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Otosclerosis: anatomy and pathology in the temporal bone assessed by multi-slice and cone-beam CT
Departments of Otolaryngology, Institute of Clinical Sciences, Jönköping, Sweden; Sahlgrenska Academy, University of Gotheburg, Gothenburg, Sweden.
Department of Maxillofacial Radiology, Institute for Postgraduate Dental Education, Jönköping, Sweden; Sahlgrenska Academy, University of Gothenburg, Gothenburg, Sweden.
Departments of Otolaryngology, Institute of Clinical Sciences, Jönköping, Sweden; Sahlgrenska Academy, University of Gothenburg, Gothenburg, Sweden.
Department of Maxillofacial Radiology, Institute for Postgraduate Dental Education, Jönköping, Sweden; Sahlgrenska Academy, University of Gothenburg, Gothenburg, Sweden.
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2012 (English)In: Otology and Neurotology, ISSN 1531-7129, E-ISSN 1537-4505, Vol. 33, no 6, p. 922-927Article in journal (Refereed) Published
Abstract [en]

Objective: To assess the use of cone beam computed tomography (CBCT) compared with multi-slice computed tomography (MSCT) in otosclerosis, with special emphasis on middle-and inner-ear anatomy.

Study Design: Prospective study.

Patients: Twenty patients who underwent a stapedectomy 30 years ago were selected on the basis of bone conduction threshold values. Their mean age was 65 years (range, 48-76 yr).

Intervention: All patients underwent CBCT and MSCT with a slice thickness of 0.5 to 0.6 mm.

Main Outcome Measures: Sixteen middle-and inner-ear anatomic structures and stapedial prostheses were analyzed by visual grading analysis. To assess critical reproduction and thereby the clinical applicability of CBCT, a dichotomization was made. Assessment of otosclerotic foci was performed using a grading system dividing the lesions in; 1) sole fenestral lesions, 2) retrofenestral lesions with or without fenestral lesions and 3) severe retrofenestral lesions.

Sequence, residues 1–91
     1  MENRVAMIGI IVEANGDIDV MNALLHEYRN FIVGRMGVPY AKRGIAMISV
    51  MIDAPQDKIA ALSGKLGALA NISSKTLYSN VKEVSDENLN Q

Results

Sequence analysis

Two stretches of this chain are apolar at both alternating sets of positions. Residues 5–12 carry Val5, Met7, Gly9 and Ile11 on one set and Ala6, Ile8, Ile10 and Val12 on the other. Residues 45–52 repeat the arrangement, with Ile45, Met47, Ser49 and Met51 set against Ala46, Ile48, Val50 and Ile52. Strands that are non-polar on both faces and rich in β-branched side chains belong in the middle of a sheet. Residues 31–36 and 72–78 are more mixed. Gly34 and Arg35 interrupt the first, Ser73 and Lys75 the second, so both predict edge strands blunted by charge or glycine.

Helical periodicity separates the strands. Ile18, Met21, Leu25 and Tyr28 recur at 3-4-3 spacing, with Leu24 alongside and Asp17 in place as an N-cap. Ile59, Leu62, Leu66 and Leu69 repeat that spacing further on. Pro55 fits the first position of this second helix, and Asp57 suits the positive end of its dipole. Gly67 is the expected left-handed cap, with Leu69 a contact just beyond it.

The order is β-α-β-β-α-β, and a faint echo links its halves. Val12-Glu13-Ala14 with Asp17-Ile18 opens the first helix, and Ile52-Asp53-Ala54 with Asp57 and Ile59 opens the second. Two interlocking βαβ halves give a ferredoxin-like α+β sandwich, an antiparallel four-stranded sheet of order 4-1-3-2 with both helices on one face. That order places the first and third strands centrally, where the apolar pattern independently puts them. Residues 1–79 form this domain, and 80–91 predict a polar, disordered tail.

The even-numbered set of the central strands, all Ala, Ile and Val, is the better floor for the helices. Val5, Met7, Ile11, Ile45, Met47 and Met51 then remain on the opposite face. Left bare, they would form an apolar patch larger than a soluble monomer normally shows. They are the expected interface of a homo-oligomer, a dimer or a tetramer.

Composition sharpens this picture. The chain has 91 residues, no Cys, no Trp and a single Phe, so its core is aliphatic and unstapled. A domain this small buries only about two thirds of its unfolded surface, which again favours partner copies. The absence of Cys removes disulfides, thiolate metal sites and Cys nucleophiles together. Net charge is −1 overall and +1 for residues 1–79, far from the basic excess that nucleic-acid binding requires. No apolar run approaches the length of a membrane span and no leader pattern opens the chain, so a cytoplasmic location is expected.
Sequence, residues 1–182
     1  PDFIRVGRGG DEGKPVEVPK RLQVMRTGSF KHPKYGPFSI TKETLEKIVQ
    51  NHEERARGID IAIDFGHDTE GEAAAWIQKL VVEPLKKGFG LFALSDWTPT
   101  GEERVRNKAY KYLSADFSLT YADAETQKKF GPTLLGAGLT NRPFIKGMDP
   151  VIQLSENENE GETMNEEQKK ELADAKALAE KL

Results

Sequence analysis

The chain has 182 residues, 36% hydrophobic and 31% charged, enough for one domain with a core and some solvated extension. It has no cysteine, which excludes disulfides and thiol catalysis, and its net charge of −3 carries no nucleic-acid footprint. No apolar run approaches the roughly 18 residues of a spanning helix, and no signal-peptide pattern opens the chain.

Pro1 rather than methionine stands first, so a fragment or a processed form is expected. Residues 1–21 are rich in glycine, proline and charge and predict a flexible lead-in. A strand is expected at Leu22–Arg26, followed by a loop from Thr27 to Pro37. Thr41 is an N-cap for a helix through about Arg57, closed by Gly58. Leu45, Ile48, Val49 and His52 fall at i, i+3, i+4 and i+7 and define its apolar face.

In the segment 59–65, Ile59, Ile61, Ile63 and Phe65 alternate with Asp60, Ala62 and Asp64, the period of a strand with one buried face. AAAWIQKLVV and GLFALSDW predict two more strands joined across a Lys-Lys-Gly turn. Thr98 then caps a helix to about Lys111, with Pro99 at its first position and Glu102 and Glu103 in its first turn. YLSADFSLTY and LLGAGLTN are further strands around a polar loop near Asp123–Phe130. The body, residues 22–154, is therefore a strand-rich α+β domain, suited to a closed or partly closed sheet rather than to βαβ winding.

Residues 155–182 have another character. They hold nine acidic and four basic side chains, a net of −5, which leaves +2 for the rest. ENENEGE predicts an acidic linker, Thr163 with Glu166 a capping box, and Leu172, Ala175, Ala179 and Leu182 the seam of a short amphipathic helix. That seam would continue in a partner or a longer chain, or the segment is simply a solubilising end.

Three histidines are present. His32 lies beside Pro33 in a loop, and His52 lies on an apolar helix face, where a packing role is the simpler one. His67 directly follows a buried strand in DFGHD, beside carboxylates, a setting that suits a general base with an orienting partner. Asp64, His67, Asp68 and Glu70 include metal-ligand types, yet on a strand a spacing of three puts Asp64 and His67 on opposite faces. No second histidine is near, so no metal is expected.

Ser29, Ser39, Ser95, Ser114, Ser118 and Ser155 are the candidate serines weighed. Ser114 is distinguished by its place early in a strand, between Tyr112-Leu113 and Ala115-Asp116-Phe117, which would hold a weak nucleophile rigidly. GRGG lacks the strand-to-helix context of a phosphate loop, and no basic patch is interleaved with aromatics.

Results: The 16 anatomic structures were clearly reproduced by both imaging techniques. However, there was an interobserver variation in judging the superiority of 1 method in favor of the other. Otosclerotic lesions were diagnosed in 80/95% using MSCT and 50/85% using CBCT (evaluators 1 and 2, respectively). Retrofenestral lesions were diagnosed in 5 of 10 of ears with severe-to-profound hearing loss, whereas no retrofenestral lesions were diagnosed in the 10 ears with mild-to-moderate hearing loss. The stapedial prostheses were adequately or very well reproduced by both methods.

Conclusion: CBCT is a new imaging technique with a considerably lower radiation dose than conventional MSCT. Our study indicates that CBCT is suitable and, in many ways, equivalent to MSCT, for temporal bone imaging in otosclerosis.

Place, publisher, year, edition, pages
Philadelphia, USA: Lippincott Williams & Wilkins, 2012. Vol. 33, no 6, p. 922-927
Keywords [en]
Cochlear implantation, temporal bone, scanners, otoscleros, clinical neurology, stapedectomy, multi slice computed tomography, otorhinolaryngology, cone beam computed tomography, hearing-loss, accuitomo, computed-tomography, image quality
National Category
Medical and Health Sciences Otorhinolaryngology
Research subject
Medicine
Identifiers
URN: urn:nbn:se:oru:diva-26480DOI: 10.1097/MAO.0b013e318259b38cISI: 000306703900011PubMedID: 22771999Scopus ID: 2-s2.0-84863984986OAI: oai:DiVA.org:oru-26480DiVA, id: diva2:570967
Available from: 2012-11-21 Created: 2012-11-21 Last updated: 2018-05-10Bibliographically approved

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